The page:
The reason I recommended the Kyosho o-ring over the tamiya.. is that while they are both orange, the kyosho one is slightly more meaty and seals better...

This hobby can be a little over the top and even the old o-ring has given rise to a company that specializes in just that lol! These guys claim that their black version are better than anyone else!

http://www.team-axon.com/products/oring/oring.html
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Old 09-05-2016, 11:49 AM   #945
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The old way to build the trf dampers was with 2 o-rings, which is what i recommend if you are running on dirt. For indoor you only need one o ring. You can mix and match the o-rings to your liking as well.. put the softest in first eg clear and then orange.. avoid the tamiya blue o-ring its very soft and best for carpet.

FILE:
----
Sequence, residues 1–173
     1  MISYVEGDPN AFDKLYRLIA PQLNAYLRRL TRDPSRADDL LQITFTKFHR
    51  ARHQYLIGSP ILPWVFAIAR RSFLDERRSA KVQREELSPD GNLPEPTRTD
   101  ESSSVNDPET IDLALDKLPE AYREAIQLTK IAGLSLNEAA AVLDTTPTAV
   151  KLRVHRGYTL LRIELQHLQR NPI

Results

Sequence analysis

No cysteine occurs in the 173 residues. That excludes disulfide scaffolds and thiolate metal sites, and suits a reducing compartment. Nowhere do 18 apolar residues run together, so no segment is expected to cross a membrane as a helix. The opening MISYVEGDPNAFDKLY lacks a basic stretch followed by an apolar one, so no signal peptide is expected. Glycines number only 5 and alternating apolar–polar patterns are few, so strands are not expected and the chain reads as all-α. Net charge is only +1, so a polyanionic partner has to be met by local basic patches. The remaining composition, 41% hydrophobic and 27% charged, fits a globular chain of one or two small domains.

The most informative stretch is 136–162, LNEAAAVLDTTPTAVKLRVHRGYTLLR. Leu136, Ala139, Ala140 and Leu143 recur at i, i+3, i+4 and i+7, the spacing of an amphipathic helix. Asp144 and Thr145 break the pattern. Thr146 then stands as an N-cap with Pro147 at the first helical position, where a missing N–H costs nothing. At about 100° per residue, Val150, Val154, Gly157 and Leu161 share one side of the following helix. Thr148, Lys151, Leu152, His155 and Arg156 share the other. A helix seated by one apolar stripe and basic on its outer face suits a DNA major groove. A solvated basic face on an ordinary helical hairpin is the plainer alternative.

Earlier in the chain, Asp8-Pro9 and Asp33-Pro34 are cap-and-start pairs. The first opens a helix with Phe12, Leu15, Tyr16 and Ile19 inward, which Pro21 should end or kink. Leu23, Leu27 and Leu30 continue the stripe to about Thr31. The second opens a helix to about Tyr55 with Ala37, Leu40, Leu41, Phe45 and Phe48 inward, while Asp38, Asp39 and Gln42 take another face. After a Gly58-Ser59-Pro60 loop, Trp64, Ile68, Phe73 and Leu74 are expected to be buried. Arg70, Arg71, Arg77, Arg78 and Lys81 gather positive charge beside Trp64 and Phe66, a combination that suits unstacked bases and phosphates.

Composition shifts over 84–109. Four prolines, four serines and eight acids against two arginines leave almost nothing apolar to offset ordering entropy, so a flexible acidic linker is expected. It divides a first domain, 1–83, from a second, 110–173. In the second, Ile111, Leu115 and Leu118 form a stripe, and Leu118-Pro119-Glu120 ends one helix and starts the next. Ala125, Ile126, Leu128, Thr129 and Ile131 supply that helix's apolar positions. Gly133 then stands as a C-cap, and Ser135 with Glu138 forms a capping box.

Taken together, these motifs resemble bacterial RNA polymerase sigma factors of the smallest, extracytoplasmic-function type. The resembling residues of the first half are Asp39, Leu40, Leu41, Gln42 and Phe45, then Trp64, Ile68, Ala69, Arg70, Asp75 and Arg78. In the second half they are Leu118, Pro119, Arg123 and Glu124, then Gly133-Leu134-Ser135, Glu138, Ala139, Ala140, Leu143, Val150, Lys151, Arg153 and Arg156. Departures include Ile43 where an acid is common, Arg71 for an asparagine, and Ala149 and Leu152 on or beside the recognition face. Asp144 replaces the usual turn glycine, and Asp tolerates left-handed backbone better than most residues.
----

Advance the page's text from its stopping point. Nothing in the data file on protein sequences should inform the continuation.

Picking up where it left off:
The reason I recommended the Kyosho o-ring over the tamiya.. is that while they are both orange, the kyosho one is slightly more meaty and seals better...

This hobby can be a little over the top and even the old o-ring has given rise to a company that specializes in just that lol! These guys claim that their black version are better than anyone else!

http://www.team-axon.com/products/oring/oring.html
I'll keep that in mind about the blue orings being soft.

I remember back in the day there were 2types of o rings. Black, hard. Orange soft. I had the orange ones in my Associated RC10 dampers. Any little abrasiveness that so much as glaced those orange orings, they would tear and you have silicone oil all over you suspension mounts after a run.

Now there are so many durometer hardnesses for orings I can't keep track. Anyway, I run on the street and not really any dirt. So I think the blue orings should be fine, I'll maybe mix two different types just in case.

Last edited by 4roller; 09-05-2016 at 12:10 PM.